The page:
cognation


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cog·nate

 (kŏg′nāt′)
adj.
1. Related by blood; having a common ancestor.
2. Related in origin, as certain words in genetically related languages descended from the same ancestral root; for example, English name and Latin nōmen from Indo-European *nō̆-men-.
3. Related or analogous in nature, character, or function.
n.
1. One related by blood or origin with another, especially a person sharing an ancestor with another.
2. A word related to one in another language.
3. A sequence of university courses taken as an adjunct to a graduate degree program: earned an MA in linguistics with a cognate in computer science.

[Latin cognātus : co-, co- + gnātus, born, past participle of nāscī, to be born; see genə- in Indo-European roots.]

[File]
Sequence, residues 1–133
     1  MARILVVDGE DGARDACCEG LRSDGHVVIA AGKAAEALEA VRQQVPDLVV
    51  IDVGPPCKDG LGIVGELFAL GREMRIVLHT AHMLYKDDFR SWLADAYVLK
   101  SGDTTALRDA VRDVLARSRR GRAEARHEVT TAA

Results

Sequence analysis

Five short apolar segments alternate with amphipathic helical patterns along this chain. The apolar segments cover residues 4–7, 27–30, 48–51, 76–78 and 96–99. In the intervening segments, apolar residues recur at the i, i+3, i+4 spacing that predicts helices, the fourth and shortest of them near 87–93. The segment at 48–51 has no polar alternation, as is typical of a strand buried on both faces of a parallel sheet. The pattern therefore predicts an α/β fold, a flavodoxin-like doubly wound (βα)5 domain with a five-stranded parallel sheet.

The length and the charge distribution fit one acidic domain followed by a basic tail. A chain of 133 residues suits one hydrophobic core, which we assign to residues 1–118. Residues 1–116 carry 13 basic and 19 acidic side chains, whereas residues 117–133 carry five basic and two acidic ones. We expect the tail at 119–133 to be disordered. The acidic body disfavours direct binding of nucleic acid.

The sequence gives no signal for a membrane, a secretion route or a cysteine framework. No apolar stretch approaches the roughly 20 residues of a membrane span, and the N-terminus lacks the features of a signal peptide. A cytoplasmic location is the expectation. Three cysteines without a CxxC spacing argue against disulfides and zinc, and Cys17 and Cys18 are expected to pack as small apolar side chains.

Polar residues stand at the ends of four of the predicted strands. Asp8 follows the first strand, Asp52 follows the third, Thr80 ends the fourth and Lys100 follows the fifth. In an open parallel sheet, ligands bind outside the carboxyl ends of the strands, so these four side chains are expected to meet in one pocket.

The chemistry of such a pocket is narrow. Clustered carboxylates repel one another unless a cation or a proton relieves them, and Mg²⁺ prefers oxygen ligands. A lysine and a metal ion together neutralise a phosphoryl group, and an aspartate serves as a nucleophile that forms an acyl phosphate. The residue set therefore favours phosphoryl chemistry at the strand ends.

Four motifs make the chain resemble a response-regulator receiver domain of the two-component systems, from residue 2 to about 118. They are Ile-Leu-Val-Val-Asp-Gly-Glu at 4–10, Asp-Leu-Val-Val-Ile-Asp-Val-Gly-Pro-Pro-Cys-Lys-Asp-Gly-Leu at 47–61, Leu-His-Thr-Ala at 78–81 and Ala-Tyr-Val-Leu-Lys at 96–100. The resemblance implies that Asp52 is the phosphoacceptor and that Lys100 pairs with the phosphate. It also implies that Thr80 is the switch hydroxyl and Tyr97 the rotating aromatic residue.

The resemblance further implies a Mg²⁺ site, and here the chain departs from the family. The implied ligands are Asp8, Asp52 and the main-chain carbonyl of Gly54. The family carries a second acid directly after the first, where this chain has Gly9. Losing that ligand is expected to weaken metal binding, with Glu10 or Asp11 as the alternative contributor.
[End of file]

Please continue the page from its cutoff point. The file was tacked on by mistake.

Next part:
cog·na′tion n.

cog•na•tion

(kɒgˈneɪ ʃən)

n.
cognate relationship.
[1350–1400]

cognation

relationship through female descent. Cf. agnation. — cognate, adj.
See also: Relationship
ThesaurusAntonymsRelated WordsSynonymsLegend:
Noun1.cognation - line of descent traced through the maternal side of the familycognation - line of descent traced through the maternal side of the family
unilateral descent - line of descent traced through one side of the family
2.cognation - (anthropology) related by blood
anthropology - the social science that studies the origins and social relationships of human beings
family relationship, kinship, relationship - (anthropology) relatedness or connection by blood or marriage or adoption
References in periodicals archive ?
Wines lower in alcohol will cue the brain to release endorphins, without over-impairing a person's cognation, striking to perfect balance to remove fears and encourage flirtation.
Since this change reduces the cognate portion for word stems to a single consonant, the result does not provide very good evidence for that cognation.